Ecology is the branch of biology which studies the interactions among organisms and their environment. Objects of study include interactions of organisms that include biotic and abiotic components of their environment. Topics of interest include the biodiversity, distribution, biomass, and populations of organisms, as well as cooperation and competition within and between species. Ecosystems are dynamically interacting systems of organisms, the communities they make up, and the non-living components of their environment. Ecosystem processes, such as primary production, pedogenesis, nutrient cycling, and niche construction, regulate the flux of energy and matter through an environment. These processes are sustained by organisms with specific life history traits. Biodiversity means the varieties of species, genes, and ecosystems, enhances certain ecosystem services.

Great Plains broad expanse of flat land west of the Mississippi River and east of the Rocky Mountains in the United States and Canada

The Great Plains is the broad expanse of flat land, much of it covered in prairie, steppe, and grassland, that lies west of the Mississippi River tallgrass prairie in the United States and east of the Rocky Mountains in the U.S. and Canada. It embraces:

Central Alberta region in the province of Alberta, Canada

Central Alberta is a region located in the Canadian province of Alberta.

29a: Northern Cross Timbers

A wide belt of land stretching from south-central Oklahoma into southeastern Kansas, this is the only part of the Cross Timbers that extends into Kansas. In that state, it covers eastern Chautauqua and Elk counties and smaller portions of Greenwood, Woodson, Wilson, and Montgomery counties, while in Oklahoma, this region covers all of Seminole, Pottawatomie, and Okfuskee counties, large parts of Osage, Lincoln, Creek, Oklahoma, Cleveland, Pontotoc, Hughes, McIntosh, and Okmulgee counties, and smaller parts of Logan, Garvin, Murray, Pawnee, Tulsa, Wagoner, and Washington counties. The towns of Sand Springs, Sapulpa, Ada, and Shawnee, Oklahoma fall within this large area; Bartlesville and Okmulgee lie on the eastern edge. [2] [4]

29b: Eastern Cross Timbers

In Oklahoma, this belt of woodland covers all of Marshall County and parts of Love, Carter, Johnston, and Bryan counties, but in Texas, this region exists as a long, very narrow strip of dense forest stretching from the Red River to just north of Waco, Texas. It passes through northwestern Grayson County, eastern Cooke, Denton and Tarrant counties, central Johnson County, western Hill County, and northern McClennan County. The city of Arlington, Texas lies within this zone, and Denton and Cleburne are on its western edge. [2] [8]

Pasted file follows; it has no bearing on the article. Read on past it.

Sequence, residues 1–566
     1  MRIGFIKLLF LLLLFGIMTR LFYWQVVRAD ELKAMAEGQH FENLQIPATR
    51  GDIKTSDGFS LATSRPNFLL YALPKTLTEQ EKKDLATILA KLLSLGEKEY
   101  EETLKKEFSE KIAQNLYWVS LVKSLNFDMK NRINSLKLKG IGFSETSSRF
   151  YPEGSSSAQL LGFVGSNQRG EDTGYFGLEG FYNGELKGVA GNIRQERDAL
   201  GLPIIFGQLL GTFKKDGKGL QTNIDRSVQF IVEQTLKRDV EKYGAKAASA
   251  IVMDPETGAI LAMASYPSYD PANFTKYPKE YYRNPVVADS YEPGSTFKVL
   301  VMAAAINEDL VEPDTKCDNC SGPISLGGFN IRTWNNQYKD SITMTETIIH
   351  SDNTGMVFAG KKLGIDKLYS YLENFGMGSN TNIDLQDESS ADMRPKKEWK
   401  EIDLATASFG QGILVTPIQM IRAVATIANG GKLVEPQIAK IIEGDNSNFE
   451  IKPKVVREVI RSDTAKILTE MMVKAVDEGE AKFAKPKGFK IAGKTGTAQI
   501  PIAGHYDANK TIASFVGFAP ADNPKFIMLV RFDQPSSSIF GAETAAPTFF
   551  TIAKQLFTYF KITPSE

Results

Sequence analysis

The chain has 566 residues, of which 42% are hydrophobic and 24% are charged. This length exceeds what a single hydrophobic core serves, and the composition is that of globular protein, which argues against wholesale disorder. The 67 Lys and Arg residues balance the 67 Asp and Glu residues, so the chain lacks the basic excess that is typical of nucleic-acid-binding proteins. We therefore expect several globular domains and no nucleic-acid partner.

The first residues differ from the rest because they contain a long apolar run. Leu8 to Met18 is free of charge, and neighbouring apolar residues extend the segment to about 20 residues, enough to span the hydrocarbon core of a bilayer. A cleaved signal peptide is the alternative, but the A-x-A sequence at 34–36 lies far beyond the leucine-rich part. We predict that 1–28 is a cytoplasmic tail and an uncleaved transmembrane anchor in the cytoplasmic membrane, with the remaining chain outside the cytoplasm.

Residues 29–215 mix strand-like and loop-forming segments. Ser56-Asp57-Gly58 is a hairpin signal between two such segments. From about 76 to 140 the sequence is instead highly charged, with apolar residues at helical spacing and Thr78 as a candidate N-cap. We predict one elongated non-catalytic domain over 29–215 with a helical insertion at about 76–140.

29c: Western Cross Timbers

A landscape in eastern Jack County, Texas, typical of the Western Cross Timbers Jack County.JPG
A landscape in eastern Jack County, Texas, typical of the Western Cross Timbers

A much wider band than the Eastern Cross Timbers, the Western Cross Timbers band extends from far southern Oklahoma, including parts of Love and Carter counties, into central Texas, where it covers large parts of Montague, Young, Jack, Wise, Stephens, Palo Pinto, Parker, Eastland, Erath, Brown, San Saba, and Mills counties, as well as smaller parts of Clay, Cooke, Callahan, Hood, Coleman, and McCulloch counties. In Texas, this area includes the towns of Weatherford and Mineral Wells; Stephenville lies on the eastern fringe, while Brownwood is on the western edge. [2] [8]

The part of this region north of I-20 is sometimes colloquially referred to as the Palo Pinto Mountains; [9] [10] [11] the hills are isolated, rugged, and scenic, with spectacular bluffs along the Brazos River as it flows through the region. [9] [10] [12]

Coal mining has historically been an important activity, as bituminous coal deposits are found throughout the region; [13] indeed, the town of Newcastle in Young County was named after the English city of the same name due to the coal connection. [14]